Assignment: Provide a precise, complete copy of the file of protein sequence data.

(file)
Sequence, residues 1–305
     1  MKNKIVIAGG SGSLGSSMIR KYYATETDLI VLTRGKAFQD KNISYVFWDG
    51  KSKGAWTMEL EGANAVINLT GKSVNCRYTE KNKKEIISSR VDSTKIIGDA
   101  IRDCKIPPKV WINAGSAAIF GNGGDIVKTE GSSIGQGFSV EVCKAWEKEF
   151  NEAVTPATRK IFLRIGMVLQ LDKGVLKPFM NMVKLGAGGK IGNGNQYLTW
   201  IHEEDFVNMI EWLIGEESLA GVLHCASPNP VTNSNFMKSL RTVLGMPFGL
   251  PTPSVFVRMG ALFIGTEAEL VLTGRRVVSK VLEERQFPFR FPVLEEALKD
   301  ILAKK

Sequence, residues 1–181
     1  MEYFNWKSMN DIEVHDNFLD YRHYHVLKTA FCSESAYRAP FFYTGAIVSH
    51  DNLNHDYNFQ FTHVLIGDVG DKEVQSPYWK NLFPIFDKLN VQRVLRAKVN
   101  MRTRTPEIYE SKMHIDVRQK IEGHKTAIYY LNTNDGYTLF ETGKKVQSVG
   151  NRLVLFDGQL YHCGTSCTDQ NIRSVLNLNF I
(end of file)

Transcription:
Sequence, residues 1–305
     1  MKNKIVIAGG SGSLGSSMIR KYYATETDLI VLTRGKAFQD KNISYVFWDG
    51  KSKGAWTMEL EGANAVINLT GKSVNCRYTE KNKKEIISSR VDSTKIIGDA
   101  IRDCKIPPKV WINAGSAAIF GNGGDIVKTE GSSIGQGFSV EVCKAWEKEF
   151  NEAVTPATRK IFLRIGMVLQ LDKGVLKPFM NMVKLGAGGK IGNGNQYLTW
   201  IHEEDFVNMI EWLIGEESLA GVLHCASPNP VTNSNFMKSL RTVLGMPFGL
   251  PTPSVFVRMG ALFIGTEAEL VLTGRRVVSK VLEERQFPFR FPVLEEALKD
   301  ILAKK

Sequence, residues 1–181
     1  MEYFNWKSMN DIEVHDNFLD YRHYHVLKTA FCSESAYRAP FFYTGAIVSH
    51  DNLNHDYNFQ FTHVLIGDVG DKEVQSPYWK NLFPIFDKLN VQRVLRAKVN
   101  MRTRTPEIYE SKMHIDVRQK IEGHKTAIYY LNTNDGYTLF ETGKKVQSVG
   151  NRLVLFDGQL YHCGTSCTDQ NIRSVLNLNF I